A dating service where matching is based on
 people's search history exists. You're a serial killer.
 You go on a date with a writer.
 endreams-s
 Serial Killer: metaphorically, if you were to kill
 someone, how would you do it?
 Writer: Air shot between the toes, it'll look like a heart
 attack
 Serial Killer who is obviously in love already: "sucks in
 a breath ok
 fangoddess817
 Writer: how long would it take to die if you were to
 potentially stab someone in the guts
 Serial killer: anywhere from 2 to 30 minutes
 Writer, already bringing a ring out: "shaking thanks
 infinityonthot
 A++ addition
 tetsuskitten
 Writer: "shows the serial killer the murder scene
 they're writing
 actually work?
 babe, i'm not sure if this would
 Serial killer: "kisses writer on the forehead and
 leaves, comes back later, a suspicious scent of blood
 coming off them* it works baby, you're doing great
 tigerliliesandcherryblossoms
 ILOVE THIS
 vmohlere
 Oh no, murder comedy is my jam
 laziestofthedreamers
 Ilove this, I love all of this, but quick question, does
 the author know? Like are they aware that their
 significant other is a serial killer or do they just think
 that they have a morbid sense of humor? It'd be even
 funnier if the author had no fucking clue, like how
 Aurthur Conan Doyle was apparently stupidly
 gulible, and on top of it they're a horror or crime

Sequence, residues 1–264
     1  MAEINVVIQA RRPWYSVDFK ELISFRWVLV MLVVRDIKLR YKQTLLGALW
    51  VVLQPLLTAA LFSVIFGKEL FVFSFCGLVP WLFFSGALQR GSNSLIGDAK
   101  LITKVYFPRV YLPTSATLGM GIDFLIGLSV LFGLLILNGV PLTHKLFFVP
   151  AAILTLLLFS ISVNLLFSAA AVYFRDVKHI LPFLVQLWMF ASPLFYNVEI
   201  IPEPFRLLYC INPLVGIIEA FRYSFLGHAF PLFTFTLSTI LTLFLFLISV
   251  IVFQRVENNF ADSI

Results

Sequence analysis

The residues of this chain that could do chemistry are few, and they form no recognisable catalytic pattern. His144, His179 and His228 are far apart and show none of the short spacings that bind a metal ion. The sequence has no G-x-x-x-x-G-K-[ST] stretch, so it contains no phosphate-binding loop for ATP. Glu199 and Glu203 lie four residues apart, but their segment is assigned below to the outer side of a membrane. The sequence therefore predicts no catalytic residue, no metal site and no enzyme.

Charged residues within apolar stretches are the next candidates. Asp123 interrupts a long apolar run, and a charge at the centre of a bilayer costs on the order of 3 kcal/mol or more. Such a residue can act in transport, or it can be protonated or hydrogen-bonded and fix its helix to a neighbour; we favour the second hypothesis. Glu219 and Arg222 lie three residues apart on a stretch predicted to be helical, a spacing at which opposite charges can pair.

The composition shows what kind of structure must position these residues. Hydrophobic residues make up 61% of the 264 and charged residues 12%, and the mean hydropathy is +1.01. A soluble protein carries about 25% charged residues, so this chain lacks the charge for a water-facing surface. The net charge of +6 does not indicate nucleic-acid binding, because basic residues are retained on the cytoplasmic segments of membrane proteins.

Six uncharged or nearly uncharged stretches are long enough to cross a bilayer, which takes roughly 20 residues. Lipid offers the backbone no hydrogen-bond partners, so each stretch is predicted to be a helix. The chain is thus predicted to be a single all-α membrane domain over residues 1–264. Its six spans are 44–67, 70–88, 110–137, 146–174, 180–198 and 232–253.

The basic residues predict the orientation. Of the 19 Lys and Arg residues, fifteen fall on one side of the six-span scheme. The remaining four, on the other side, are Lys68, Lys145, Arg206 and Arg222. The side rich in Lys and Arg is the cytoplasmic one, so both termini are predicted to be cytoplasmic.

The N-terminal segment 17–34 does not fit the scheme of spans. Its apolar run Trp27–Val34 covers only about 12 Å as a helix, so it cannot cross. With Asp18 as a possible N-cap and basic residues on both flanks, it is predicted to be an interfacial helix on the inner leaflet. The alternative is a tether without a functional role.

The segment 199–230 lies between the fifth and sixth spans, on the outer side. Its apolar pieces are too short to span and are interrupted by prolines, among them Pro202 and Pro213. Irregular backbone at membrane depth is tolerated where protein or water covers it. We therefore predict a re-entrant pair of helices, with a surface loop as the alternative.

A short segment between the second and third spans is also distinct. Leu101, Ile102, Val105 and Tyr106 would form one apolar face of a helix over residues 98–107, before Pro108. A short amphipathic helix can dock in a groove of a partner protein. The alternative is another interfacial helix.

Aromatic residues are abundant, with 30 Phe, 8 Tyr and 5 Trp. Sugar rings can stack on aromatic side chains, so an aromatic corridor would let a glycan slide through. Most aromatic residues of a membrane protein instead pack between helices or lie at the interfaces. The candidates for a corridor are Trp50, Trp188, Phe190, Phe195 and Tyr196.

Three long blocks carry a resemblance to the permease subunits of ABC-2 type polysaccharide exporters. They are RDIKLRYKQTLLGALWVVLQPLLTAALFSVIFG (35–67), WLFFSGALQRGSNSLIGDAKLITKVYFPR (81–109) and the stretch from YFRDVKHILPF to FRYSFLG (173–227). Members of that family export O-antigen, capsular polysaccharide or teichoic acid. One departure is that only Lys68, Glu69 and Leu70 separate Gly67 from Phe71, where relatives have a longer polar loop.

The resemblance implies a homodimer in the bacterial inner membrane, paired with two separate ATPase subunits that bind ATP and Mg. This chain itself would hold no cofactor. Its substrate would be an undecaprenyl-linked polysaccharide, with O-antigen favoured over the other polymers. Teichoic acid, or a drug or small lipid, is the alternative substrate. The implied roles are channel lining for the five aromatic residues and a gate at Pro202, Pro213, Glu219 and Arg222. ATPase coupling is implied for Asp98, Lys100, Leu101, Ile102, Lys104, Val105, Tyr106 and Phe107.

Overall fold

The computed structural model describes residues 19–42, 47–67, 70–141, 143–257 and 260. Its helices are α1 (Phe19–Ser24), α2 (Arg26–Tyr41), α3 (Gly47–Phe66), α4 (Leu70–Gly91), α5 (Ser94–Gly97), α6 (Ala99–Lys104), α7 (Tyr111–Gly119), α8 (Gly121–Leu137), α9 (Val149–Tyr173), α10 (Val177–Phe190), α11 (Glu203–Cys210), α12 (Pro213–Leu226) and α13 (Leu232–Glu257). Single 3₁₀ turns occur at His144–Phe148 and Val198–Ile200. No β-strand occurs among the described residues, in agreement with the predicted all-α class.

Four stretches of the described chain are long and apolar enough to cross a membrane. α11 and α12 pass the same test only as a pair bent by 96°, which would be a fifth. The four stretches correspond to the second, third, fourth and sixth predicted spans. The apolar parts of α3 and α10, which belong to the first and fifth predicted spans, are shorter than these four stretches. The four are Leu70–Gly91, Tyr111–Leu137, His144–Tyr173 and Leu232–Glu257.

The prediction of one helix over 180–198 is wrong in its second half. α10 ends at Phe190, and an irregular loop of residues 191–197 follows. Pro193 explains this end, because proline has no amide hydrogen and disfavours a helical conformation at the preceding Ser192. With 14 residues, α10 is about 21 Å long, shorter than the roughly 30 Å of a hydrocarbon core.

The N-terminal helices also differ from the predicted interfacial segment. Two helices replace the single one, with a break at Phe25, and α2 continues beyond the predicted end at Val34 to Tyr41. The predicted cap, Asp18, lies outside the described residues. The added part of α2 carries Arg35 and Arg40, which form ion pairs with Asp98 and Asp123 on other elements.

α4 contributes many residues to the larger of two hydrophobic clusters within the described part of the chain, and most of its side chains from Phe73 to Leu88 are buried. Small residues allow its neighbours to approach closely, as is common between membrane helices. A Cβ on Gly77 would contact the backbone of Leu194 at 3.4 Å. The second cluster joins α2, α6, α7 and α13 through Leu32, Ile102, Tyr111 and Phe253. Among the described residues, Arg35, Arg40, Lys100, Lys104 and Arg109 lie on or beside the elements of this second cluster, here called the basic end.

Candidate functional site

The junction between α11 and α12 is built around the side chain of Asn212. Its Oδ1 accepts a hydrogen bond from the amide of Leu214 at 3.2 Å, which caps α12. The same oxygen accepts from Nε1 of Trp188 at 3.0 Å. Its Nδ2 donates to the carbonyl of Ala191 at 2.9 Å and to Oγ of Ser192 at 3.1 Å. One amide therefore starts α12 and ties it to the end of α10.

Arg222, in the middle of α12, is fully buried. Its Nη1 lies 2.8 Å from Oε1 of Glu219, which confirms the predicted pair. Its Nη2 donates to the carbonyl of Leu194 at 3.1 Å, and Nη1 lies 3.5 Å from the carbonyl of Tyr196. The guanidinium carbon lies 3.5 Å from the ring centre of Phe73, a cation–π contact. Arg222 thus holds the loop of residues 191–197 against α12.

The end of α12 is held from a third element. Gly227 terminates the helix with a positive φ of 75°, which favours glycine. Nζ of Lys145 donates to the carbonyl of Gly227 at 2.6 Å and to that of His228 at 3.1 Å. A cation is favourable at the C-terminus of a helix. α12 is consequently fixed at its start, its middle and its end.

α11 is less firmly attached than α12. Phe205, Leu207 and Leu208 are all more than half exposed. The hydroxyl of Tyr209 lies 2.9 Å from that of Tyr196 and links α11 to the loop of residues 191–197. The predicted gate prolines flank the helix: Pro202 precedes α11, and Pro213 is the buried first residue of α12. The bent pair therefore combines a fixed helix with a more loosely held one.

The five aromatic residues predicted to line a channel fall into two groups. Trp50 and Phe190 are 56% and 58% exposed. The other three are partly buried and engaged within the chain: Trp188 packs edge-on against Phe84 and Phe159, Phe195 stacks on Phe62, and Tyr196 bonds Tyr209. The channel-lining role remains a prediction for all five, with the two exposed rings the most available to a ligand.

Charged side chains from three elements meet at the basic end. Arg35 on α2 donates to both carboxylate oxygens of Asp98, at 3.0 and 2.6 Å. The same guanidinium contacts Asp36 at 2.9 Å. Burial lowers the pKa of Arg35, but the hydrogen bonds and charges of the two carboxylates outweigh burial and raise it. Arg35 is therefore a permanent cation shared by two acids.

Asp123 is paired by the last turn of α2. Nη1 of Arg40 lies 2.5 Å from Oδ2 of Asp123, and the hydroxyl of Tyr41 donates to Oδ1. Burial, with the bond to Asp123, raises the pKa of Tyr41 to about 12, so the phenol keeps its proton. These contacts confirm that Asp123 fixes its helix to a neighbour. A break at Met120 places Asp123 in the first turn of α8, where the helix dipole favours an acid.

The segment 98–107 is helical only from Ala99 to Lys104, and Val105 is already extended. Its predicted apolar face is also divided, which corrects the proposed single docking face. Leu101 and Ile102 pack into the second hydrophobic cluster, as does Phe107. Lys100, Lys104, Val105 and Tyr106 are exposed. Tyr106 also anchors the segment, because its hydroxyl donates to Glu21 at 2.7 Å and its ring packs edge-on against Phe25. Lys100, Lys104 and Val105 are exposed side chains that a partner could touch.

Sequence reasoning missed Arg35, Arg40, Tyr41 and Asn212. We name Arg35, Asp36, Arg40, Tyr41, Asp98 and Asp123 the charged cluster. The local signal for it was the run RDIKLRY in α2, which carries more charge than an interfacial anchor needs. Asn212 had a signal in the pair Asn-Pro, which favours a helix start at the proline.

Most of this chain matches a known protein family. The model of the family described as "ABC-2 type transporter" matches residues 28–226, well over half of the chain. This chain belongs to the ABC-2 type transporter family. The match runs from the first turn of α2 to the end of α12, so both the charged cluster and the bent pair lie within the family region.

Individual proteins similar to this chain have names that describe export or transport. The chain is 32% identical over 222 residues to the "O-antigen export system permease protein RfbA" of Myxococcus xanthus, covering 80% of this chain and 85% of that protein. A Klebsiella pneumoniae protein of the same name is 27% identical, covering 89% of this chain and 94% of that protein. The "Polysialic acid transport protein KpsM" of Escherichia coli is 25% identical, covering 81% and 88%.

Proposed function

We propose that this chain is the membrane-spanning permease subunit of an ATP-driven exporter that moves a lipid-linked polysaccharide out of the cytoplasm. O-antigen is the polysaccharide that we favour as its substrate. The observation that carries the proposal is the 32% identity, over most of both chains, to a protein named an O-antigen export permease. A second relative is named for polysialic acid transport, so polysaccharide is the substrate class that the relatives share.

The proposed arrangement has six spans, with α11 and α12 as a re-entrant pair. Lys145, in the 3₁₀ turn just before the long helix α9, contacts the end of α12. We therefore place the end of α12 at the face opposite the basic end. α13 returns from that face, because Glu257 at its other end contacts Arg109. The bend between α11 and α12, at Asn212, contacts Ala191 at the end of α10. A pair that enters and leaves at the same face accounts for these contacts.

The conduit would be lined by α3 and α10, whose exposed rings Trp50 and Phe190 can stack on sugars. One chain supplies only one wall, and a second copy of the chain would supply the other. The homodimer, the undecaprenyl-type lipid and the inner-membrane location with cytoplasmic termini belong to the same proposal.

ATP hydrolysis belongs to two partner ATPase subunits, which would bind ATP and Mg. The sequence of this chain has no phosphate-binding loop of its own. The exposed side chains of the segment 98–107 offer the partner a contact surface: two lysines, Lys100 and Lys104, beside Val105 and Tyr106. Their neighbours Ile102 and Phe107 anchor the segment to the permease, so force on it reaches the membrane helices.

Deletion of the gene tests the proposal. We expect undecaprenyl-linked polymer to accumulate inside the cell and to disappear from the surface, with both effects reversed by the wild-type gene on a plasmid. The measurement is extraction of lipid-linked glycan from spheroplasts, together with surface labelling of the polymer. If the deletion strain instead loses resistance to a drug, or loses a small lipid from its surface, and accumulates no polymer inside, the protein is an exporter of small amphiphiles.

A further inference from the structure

novelist. Like the serial killer works at a butcher shop
 or something so it's completely normal for them to
 come home smelling like blood, no murders going on
 here, no sirey. Just my darling coming back home
 from a long day at work.
 Now fast forward a bit and the author has managed
 to get their first book published, with loving support
 from the serial killer who helped them fine tune all
 the murder scenes, and it's a big hit. Enough so that
 a detective with the local police department has
 noticed some disturbing similarities to several active
 cases, including details that were never released to
 the press. Obviously he brings this up to his superior
 and convinces him that there's something to the
 theory, but it's all circumstantial right now. He stakes
 out the author's home and is super convinced that
 the author is the murderer, but they don't seem to do
 anything??? Like they literally are at the house all
 day, that's it. Most they do is leave for groceries.
 So you get this dynamic of the serial killer mining the
 author for creative murder schemes, the author
 being lovingly encouraged by the serial killer, and
 finally the detective who is just so sure that the
 author is the killer and that if he sticks it out long
 enough he'll FINALLY have proof.
 annieutimagines
 Plot twist, The serial killer and detective use to go
 out so it gets sub what personal.
 "You need to stop seeing them. I think they are a
 serial killer."
 Serial killer breaths in. "Look-"
 ladyhavilliard
 ..perfect
 theskystealerthebookthief
 I need 4 seasons and a movie on this
I would watch the hell out of this

I would watch the hell out of this